Hello, Home Energy readers. You may remember my story from a previous issue (“Adventures in Radon and Moisture Mitigation,” HE July/Aug ’14, p. 20). I’m the architect-turned-academic who introduced deadly radon ...
Moisture problems occur in buildings throughout North America, in almost every climate. The most common symptoms are mold, mildew, and condensation, and these can impair the health of the occupants, cause discomfort, and decrease the life of the structure. [continue reading]
There are few areas of residential construction that are so commonly misunderstood as air movement within and through houses. [continue reading]
Traditionally, few people have considered gas ovens to be a major source of carbon monoxide (CO), even though all their exhaust products are often vented directly into the indoor air of a residence. Yet unvented space heaters with a similar output of combustion gases have been banned in many states because of indoor air quality (IAQ) dangers inherent in their use. [continue reading]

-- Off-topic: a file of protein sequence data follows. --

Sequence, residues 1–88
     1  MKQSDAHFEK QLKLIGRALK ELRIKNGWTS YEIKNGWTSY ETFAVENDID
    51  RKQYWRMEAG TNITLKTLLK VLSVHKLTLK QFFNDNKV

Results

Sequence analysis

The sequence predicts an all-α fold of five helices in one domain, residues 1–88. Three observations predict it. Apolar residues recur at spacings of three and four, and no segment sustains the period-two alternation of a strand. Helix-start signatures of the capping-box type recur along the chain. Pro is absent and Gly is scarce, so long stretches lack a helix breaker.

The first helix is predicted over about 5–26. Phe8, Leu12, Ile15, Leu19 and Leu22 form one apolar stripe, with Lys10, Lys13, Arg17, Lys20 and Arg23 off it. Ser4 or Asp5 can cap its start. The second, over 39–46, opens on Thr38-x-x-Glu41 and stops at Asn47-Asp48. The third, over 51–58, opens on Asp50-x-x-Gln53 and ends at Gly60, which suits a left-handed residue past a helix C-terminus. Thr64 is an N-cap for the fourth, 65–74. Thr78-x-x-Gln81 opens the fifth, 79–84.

Most newer manufactured homes in the Pacific Northwest, as well as many older mobile homes, have a vapor retarder on the inside of the wall cavity--typically right behind the gypsum board. However, many older mobile homes, especially those built before the 1980s, were manufactured with a vapor retarder on the outside of the wall cavity--generally right behind the metal (or sometimes wood) siding. [continue reading]
Heating contractors, inspectors, and energy auditors all have different approaches to inspecting combustion appliances. Combustion problems come in various sizes and shapes, and individual tests may not by themselves prove if the house is actually safe. [continue reading]
In recent years, DOE has developed the DOE Guidelines for Building Science Education - a set of job-specific ...
The poet Muriel Rukeyser once said something like this: The universe is not made of atoms; it’s made ...